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Home* News and Stories → Svalbardmelding: new Norwegian white paper for Spitsbergen-politics

Svalbardmelding: new Norwegian white paper for Spitsbergen-politics

The Norwegian government publishes a strategy paper to define a framework for Spitsbergen-related politics every couple of years. The last one came in 2009 and the new one had been announced a while ago. Local players were eagerly waiting for it, hoping for new and positive impacts for the local development especially in times where one of the major local economic driving forces, the coal mining industry, is largely collapsing.

Now it is there, the new Svalbard white paper was published this week and it is now widely discussed in regional media.

Most commentators are disappointed, all in all. The new Svalbardmelding is a description of obvious developments rather than a package of impulses to drive future development. Comments are quickly drifting into the details of local economic policy, and maybe that is what is new about it: economy is more important than it was in the 2009 paper. But it is no news that coal mining is of decreasing importance. More year-round full time jobs are to be created, preferably in the private sector, but public institutions may just as well increase their local presence. The future fate of the mining company Store Norske remains unclear, and so does the answer to the question who will fill the gap that Store Norske has left in Longyearbyen’s economy as a major industrial actor. Local ideas to development Longyearbyen’s industry as a fishery port are not taken much further by the new Svalbardmelding. These are amongst the questions that locals want to have answered.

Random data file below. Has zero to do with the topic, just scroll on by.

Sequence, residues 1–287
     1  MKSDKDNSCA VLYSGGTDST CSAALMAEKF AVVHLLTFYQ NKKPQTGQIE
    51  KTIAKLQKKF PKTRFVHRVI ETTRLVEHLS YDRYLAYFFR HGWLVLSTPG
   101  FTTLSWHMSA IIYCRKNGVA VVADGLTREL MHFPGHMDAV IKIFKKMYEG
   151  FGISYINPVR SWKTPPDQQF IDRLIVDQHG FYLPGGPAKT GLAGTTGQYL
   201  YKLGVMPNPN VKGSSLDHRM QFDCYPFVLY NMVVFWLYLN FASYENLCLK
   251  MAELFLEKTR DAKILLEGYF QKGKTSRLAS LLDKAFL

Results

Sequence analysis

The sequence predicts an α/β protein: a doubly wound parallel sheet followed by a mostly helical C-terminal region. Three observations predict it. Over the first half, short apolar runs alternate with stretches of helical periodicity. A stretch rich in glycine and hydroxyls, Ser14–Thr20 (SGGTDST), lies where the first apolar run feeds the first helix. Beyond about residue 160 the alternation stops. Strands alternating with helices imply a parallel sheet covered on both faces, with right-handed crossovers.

Neither is there much clarity about flight traffic. Due to historical contracts and Spitsbergen’s special political situation, Longyearbyen is currently not open as destination for scheduled flights from non-Norwegian airports. Recently, Finnair has cancelled flights already scheduled and in sale for this summer, much to the regret of the local tourism industry.

Another important issue is local power supply. It is not a secret that the coal power plant, originally built in 1983, is not going to last forever. The question of the future electricity supply is going beyond the technicalities of how power is getting into sockets in Longyearbyen: the vision of Longyearbyen, a small and electrically isolated community, as a laboratory for technology for the energy supply of the future, has been discussed for quite a while already. A clever realization of this vision might create knowledge of global importance and local jobs. The new Spitsbergen whitepaper does not make much of a contribution to these ideas. Important impulses for these developments are not expected from the new paper.

The only concrete task that is heralded by the Svalbardmelding is 10 million NOK (currently just above 1 million Euro) for new accommodation, also as a reaction to the loss of 11 houses during the avalanche in December 2015.

The new Spitsbergen white paper (Svalbardmelding) does not bring any surprises or major unexpected impulses to the local development.

Longyearbyen: New Svalbardmelding (Spitsbergen white paper)

Sources: amongst others. highnorthnews.com, Svalbardposten, regjeringen.no.

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last modification: 2016-05-13 · copyright: Rolf Stange
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